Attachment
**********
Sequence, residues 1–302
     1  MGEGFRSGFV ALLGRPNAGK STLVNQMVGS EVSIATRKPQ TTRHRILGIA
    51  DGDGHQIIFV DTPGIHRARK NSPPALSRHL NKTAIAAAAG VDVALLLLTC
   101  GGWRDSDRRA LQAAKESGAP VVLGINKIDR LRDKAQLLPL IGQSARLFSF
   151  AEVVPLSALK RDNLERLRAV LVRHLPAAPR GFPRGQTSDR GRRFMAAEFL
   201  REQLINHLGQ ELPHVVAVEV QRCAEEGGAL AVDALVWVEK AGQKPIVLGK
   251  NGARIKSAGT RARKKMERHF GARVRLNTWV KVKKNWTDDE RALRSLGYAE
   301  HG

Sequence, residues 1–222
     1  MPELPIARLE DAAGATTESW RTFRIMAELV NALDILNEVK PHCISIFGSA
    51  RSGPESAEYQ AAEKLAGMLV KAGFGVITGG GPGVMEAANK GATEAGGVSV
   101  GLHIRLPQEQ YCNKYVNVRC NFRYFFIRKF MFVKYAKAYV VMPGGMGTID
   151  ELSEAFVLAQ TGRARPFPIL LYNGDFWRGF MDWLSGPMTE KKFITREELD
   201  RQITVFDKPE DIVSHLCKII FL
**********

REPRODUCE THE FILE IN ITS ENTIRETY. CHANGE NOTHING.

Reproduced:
Sequence, residues 1–302
     1  MGEGFRSGFV ALLGRPNAGK STLVNQMVGS EVSIATRKPQ TTRHRILGIA
    51  DGDGHQIIFV DTPGIHRARK NSPPALSRHL NKTAIAAAAG VDVALLLLTC
   101  GGWRDSDRRA LQAAKESGAP VVLGINKIDR LRDKAQLLPL IGQSARLFSF
   151  AEVVPLSALK RDNLERLRAV LVRHLPAAPR GFPRGQTSDR GRRFMAAEFL
   201  REQLINHLGQ ELPHVVAVEV QRCAEEGGAL AVDALVWVEK AGQKPIVLGK
   251  NGARIKSAGT RARKKMERHF GARVRLNTWV KVKKNWTDDE RALRSLGYAE
   301  HG

Sequence, residues 1–222
     1  MPELPIARLE DAAGATTESW RTFRIMAELV NALDILNEVK PHCISIFGSA
    51  RSGPESAEYQ AAEKLAGMLV KAGFGVITGG GPGVMEAANK GATEAGGVSV
   101  GLHIRLPQEQ YCNKYVNVRC NFRYFFIRKF MFVKYAKAYV VMPGGMGTID
   151  ELSEAFVLAQ TGRARPFPIL LYNGDFWRGF MDWLSGPMTE KKFITREELD
   201  RQITVFDKPE DIVSHLCKII FL